Gold Prospecting In The North State…
Gold was once a deadly serious business in Northern California. Lust for it spawned a boom and bust that scarred the land and displaced a People, ultimately fast-tracking a remote territory to U.S. statehood and establishing Shasta City as county seat for Shasta County. But over time the fever abated, and some 100 years after the ‘49ers swarmed the scenery, a group of local folks set up a nonprofit dedicated to a more humane hunt for the precious metal, emphasizing recreation over reckless, get-rich rage.
Founded in 1959, the Shasta Miners and Prospectors Association flourishes today, helping small-scale miners and prospectors find gold in them thar hills, while educating its membership and the public at large all about mining. The organization maintains five gold- bearing claims, where members and their guests gather each month to share potluck dishes, play in fields and streams, learn new prospecting techniques and – oh yeah – find gold.
Yes, that’s real gold, for the picking. But can you still strike it rich? “That’s always a nice prospect,” says Sid Sidman, association president. “But we’re about having fun. It’s a treasure hunt. It’s a good workout walking in the woods and rooting around in the creek.”
Sidman was taught by an experienced Shasta Miners and Prospectors Association member a new way to find gold. “I bought a metal detector, but I was unfamiliar with the equipment,” he says. “I learned to tune my ear to the different sounds. Coached, I was able to hear a piece of gold so small, if I sneezed on it, it would blow away. I was astounded by what a metal detector can hear.”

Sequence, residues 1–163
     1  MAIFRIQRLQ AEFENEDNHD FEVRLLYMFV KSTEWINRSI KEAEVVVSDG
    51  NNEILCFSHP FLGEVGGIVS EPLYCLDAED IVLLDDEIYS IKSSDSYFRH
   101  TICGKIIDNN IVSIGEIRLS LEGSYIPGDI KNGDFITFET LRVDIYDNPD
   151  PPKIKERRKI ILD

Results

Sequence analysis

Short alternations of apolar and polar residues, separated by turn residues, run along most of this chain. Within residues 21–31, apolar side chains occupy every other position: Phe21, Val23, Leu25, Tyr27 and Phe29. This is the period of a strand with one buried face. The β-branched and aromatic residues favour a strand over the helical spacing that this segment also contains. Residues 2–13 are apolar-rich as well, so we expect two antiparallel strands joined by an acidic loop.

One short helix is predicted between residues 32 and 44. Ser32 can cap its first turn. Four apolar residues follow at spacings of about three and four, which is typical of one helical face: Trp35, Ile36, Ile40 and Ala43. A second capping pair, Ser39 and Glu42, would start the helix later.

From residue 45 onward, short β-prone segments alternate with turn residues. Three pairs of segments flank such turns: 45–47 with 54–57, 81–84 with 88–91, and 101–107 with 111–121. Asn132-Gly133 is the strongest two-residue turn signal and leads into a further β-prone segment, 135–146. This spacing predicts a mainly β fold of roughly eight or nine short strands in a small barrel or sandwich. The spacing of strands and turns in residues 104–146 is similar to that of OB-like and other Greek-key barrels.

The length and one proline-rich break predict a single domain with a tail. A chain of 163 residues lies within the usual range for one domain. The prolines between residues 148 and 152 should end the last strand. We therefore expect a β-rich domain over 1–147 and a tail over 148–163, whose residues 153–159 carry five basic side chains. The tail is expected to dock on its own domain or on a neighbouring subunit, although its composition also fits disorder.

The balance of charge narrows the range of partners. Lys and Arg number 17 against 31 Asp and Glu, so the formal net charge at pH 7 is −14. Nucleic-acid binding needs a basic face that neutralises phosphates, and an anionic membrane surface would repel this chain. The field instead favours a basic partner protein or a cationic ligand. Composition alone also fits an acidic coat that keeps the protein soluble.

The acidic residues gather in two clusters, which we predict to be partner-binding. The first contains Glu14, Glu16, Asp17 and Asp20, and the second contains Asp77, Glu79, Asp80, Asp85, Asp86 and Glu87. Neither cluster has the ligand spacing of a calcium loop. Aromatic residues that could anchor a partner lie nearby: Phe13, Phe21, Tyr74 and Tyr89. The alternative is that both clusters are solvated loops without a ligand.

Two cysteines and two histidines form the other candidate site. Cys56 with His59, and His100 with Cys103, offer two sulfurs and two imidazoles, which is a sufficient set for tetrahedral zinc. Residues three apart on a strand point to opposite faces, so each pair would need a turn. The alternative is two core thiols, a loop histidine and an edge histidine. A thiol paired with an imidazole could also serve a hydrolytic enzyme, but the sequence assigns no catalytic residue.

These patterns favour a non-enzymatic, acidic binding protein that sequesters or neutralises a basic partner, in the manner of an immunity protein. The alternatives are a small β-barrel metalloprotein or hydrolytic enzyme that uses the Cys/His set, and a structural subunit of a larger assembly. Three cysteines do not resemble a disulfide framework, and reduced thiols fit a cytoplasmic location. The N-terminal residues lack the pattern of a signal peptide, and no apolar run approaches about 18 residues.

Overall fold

Long-time member Mike Russell, who’s been prospecting since his 20s, says most of his finds are in the quarter-gram range, but he has a “one that got away” story about one much larger. “I lost a one gram nugget, we call it a picker, while panning,” he recalls. “I picked it up with my fingers, but it was bigger than I thought it was going to be, and I didn’t have a good hold on it. It fell back into the hole. I dug for two hours, but I never found it.”
Russell remembers metal detectors converging on the Shasta Miners and Prospectors Association’s French Gulch claim, searching the land in the fall of 2018, as soon the region was deemed safe to reenter after the Carr Fire. “They were finding half-ounce, one-ounce nuggets, or more,” he says. “That went on for about a year, then the vegetation grew back, thicker than before.”
That ended that, because disturbing vegetation to get at gold is forbidden by the association to protect the environment from prospectors. Other restrictions include don’t dig in banks, cover the holes you do dig and stay away from fish nesting areas. “Even if it’s on your own claim,” stresses Russell. “It’s still on public land. We don’t harm it in any way. We actually clean it up. We pull a lot of trash out of the creek.”
All new association members receive a 10-page self-published booklet called “Best Practices,” a field guide of dos and don’ts for gold seekers.
Media Facilitator Myra Buteau says the association focuses a lot on education. Members organize portable gold mining demonstrations, which they present at schools or public events. “We have this five-foot- wide satellite dish we fill for gold panning demos,” she says. “We sprinkle in some gold and show people how to find it.”
The Shasta Miners and Prospectors Association maintains five claims on public land: the Weaverville, Whiskeytown, Lakehead, Bulldog and French Gulch claims. Although the public can visit for recreation, you must be a member to hunt for gold.
While there were no limits to mining in the 19th century, Shasta Miners and Prospectors Association techniques focus mainly on panning, metal detectors and sluicing, which uses water flowing through a box to separate gold from dirt. “Gold is 19 times the weight of water,” Buteau says. “The water comes up, and the gold ends up on the bottom.”
Jim Rankin, legislative chair of the Shasta Miners and Prospectors Association, watches Sacramento for bills that could impact mining practices, and he’s kept members updated on the federal Bureau of Land Management’s Integrated Management Plan. “The last time the BLM changed things was 30 years ago, so this plan could manage us for the next 30 years,” Rankin says.
The association is always looking for new members who are looking for recreation, camaraderie and – oh yeah – gold.
Shasta Miners and Prospectors Association